Vertical Stabilizer

Drilled Horizontal Stab

This weekend I spent time getting the elevator horns drilled for the pushrod and the horizontal stab drilled and mounted to the fuselage.

Britney was in town visiting me this weekend so, of course, I asked her to help me work on the plane. She has been very encouraging and really wants to help on the project. So we got started by mounting the elevators to the horizontal stab on the bench.

Once we got the elevators lined up and clamped, we measured which horn was aft, and then removed the left elevator.

I measured and then drilled the hole for the pushrod, and then I fabricated a block to span the gap between the horns, remounted the left elevator and placed the block between the horns. This ensured that the #30 pilot hole was drilled perfectly perpendicular.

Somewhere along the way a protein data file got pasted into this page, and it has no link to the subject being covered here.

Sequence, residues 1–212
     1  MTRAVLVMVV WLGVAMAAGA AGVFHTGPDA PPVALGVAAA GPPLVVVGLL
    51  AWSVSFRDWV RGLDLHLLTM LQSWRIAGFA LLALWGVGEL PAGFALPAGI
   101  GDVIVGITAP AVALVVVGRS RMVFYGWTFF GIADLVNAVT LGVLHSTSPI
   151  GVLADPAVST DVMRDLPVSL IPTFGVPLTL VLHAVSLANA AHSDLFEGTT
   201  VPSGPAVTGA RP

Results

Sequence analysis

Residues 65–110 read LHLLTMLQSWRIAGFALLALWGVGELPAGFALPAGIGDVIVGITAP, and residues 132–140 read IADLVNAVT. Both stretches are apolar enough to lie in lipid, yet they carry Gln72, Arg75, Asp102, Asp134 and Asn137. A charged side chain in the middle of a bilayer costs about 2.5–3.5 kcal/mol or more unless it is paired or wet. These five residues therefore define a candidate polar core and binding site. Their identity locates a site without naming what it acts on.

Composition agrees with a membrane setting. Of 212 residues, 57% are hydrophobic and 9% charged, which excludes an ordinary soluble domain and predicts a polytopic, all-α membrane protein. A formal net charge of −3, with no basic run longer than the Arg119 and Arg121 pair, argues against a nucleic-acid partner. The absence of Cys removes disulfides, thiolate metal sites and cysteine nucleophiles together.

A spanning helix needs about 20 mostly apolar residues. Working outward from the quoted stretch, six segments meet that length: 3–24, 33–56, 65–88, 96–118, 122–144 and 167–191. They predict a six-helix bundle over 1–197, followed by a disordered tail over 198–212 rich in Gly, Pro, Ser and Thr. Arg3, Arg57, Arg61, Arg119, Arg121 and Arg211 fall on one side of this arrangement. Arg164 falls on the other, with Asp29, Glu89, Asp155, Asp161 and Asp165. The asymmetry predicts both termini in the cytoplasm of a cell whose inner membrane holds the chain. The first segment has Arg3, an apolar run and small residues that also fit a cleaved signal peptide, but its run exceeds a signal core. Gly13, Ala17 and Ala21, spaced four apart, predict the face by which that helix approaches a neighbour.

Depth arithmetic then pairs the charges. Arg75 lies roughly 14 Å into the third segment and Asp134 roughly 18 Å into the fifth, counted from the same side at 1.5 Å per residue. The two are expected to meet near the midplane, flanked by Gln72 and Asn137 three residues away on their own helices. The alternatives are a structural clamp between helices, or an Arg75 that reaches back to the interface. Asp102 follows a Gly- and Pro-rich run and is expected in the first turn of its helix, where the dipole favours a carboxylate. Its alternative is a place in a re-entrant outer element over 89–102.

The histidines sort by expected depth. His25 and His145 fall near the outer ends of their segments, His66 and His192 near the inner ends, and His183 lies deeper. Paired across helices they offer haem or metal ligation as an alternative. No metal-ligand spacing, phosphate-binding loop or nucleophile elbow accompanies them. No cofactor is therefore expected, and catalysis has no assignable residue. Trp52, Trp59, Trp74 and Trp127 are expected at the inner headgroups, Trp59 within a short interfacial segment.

Once the pilot hole was drilled, I enlarged it for the AN3 bolt that will eventually hold the pushrod.

The resulting holes are perfectly lined up and perpendicular.

Once this was done, we removed the elevators and then positioned the horizontal stab on the fuselage.

We measured, and then measured, and then measured again. I clamped everything into place and measured one last time.

I then drilled my #30 pilot hole through the stab and then remeasured. After ensuring nothing moved, I final drilled it for the AN3 bolt and then inserted the bolt to prevent anything from shifting.

This is the underside of the outer holes after drilling the pilot holes. Edge distances for the longeron were right on the money.

I then proceeded to drill the remaining two holes, and fabricated the F-798 shims. Everything lined up and I did one final measurement, and it all remained perfectly aligned.

I bolted the forward bolts, used a 3/16th spacer to raise the rear spar to the right height, and then drilled and bolted the four holes to mount the rear spar to the fuselage.

Next up is the vertical stab!

Drilled Horizontal Stab